Schizophrenia is characterized by progressive GMV decreases and lateral ventricular volume increases. Some of these neuroanatomical alterations may be associated with antipsychotic treatment. The putative mechanism of action for antipsychotics on GMV is unknown and can only be inferred in vivo from animal studies. It should be noted that association is not causation and thus GMV decreases being correlated with cumulative exposure to antipsychotic treatments should be interpreted cautiously. Antipsychotic treatment may not be the only factor associated with longitudinal GMV decreases in schizophrenia[22]. This is supported by the presence of progressive brain changes before onset and may in particular occur during the transition of psychosis in antipsychotic-naïve subjects.

In summary, this study suggests strongly that TRS patients have extensive decreases in gray matter and the defective areas include the left olfactory cortex, bilateral insula, and right anterior cingulate. Whether the defects are responsible for TRS patient poor response to medication needs further investigation.

DISCLOSURE STATEMENT

The authors do not have any actual or potential conflicts of interest.

ACKNOWLEDGMENTS

The authors thank the patients and their families, and the healthy control subjects, for their cooperation in this study. This study was supported by Nanjing Medical Science and Technique Development Foundation (QRX11121, ZKX08034), Jiangsu Provincial Commission of Health and Family Planning (H200875), State Key Clinical Specialty (Psychiatry, 2011 - 873, National Health and Family Planning Commission of the Peoples’s Republic of China), Provincial Medical Key Discipline (Psychiatry, 2011 - 12, Jiangsu Provincial Commission of Health and Family Planning), and National Clinical Research Center on Mental Disorders (2015BAI13B02).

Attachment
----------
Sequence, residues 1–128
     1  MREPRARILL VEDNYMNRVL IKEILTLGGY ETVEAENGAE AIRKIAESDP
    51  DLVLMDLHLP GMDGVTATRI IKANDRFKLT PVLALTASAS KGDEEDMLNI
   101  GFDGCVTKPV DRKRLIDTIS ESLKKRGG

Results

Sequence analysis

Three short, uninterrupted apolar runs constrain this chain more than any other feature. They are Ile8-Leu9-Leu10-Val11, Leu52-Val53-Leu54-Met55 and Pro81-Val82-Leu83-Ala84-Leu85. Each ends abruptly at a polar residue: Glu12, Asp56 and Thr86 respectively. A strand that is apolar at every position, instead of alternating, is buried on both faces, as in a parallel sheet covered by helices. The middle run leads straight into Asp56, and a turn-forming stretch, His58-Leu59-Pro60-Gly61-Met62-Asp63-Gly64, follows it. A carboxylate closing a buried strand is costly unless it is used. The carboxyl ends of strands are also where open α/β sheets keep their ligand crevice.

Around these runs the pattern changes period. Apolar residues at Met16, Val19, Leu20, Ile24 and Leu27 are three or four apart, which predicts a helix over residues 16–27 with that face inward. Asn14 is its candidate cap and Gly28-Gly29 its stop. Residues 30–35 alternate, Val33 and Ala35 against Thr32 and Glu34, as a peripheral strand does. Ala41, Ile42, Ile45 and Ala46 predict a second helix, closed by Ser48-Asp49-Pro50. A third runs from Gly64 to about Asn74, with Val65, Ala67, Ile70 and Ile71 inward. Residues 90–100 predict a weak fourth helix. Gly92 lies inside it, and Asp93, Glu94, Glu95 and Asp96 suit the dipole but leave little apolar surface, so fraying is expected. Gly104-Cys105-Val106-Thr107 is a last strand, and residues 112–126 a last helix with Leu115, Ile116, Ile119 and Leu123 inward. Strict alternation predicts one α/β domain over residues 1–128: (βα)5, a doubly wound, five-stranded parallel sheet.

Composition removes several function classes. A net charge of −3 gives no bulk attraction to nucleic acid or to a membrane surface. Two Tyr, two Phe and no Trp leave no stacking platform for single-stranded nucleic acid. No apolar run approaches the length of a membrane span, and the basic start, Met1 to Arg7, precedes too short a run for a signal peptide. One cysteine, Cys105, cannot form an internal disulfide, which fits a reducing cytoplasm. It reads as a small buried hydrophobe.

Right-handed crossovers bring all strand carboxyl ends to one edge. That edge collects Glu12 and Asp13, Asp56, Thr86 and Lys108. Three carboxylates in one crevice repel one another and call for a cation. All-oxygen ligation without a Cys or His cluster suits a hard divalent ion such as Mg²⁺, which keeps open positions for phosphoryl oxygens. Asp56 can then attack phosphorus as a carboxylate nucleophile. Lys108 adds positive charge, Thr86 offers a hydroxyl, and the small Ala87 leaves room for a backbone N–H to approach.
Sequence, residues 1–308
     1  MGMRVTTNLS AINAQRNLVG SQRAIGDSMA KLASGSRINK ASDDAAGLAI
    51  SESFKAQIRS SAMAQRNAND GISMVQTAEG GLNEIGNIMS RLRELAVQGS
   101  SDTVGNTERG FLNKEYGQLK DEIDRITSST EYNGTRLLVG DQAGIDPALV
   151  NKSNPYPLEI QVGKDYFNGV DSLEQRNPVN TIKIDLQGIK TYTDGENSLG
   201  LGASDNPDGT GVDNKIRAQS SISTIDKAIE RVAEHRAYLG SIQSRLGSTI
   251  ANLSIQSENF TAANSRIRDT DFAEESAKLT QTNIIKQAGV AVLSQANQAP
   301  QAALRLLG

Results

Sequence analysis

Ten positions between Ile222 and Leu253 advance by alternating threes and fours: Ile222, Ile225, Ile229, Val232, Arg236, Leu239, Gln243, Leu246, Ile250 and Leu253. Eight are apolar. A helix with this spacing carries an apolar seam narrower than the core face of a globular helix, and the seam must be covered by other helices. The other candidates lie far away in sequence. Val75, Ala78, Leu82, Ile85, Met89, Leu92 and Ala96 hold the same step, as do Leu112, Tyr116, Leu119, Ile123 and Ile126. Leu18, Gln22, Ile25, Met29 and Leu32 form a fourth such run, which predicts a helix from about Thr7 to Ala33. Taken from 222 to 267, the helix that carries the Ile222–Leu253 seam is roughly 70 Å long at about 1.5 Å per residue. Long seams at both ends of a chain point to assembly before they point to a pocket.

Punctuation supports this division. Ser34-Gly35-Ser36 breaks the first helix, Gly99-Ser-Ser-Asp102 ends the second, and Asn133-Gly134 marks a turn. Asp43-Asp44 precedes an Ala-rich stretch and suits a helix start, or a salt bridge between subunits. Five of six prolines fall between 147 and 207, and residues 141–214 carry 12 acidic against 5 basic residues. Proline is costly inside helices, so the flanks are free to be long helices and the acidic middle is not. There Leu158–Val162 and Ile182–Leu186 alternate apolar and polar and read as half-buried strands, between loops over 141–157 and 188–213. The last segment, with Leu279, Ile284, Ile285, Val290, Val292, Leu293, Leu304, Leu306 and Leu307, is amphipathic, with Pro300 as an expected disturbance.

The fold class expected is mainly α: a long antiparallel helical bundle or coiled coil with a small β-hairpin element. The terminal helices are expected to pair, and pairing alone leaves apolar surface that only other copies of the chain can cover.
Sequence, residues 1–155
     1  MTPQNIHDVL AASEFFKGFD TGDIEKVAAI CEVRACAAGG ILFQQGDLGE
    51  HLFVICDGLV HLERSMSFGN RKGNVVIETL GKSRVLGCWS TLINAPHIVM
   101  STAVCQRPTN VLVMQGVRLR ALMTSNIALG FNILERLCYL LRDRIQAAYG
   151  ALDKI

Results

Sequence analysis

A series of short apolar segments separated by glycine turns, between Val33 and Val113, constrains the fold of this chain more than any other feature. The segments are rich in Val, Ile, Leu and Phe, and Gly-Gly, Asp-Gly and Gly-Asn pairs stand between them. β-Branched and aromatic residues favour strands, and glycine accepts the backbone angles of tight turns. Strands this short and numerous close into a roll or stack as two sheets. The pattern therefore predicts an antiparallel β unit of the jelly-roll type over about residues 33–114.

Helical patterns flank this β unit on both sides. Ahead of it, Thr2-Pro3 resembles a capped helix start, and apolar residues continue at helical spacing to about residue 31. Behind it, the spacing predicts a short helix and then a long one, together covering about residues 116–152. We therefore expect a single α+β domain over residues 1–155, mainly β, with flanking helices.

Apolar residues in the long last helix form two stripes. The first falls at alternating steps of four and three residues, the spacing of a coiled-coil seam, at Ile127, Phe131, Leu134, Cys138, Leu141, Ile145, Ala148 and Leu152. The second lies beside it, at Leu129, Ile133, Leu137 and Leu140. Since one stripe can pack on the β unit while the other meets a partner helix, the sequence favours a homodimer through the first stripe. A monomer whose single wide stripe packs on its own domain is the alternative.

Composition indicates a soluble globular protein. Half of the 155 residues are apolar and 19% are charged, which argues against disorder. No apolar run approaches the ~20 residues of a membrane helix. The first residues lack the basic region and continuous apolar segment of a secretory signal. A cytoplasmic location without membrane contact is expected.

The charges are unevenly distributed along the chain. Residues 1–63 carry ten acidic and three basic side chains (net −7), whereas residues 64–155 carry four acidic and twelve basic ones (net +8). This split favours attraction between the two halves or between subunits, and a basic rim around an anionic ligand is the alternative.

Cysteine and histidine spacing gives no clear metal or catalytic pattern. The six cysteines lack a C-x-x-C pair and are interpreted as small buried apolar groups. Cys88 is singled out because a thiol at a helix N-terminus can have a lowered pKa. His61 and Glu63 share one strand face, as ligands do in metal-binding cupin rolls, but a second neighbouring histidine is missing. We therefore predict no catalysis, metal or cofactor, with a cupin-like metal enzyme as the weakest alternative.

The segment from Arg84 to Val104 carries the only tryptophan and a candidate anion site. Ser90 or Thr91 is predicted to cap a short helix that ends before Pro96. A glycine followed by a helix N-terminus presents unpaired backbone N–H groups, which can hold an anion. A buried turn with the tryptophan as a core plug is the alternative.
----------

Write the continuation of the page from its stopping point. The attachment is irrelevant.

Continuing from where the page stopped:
The authors thank Shuiping Lu, Hong Lin, Yuan Li, Qing Cui (Department of Psychiatry, Affiliated Nanjing Brain Hospital of Nanjing Medical University, Nanjing, China) and Caoyong Xiao, Zonghong Li, Jun Hu, Chenlin Li (Department of Radiology, Affiliated Nanjing Brain Hospital of Nanjing Medical University, Nanjing, China) for the advises and assistance in sample collection and data acquisition of magnetic resonance imaging.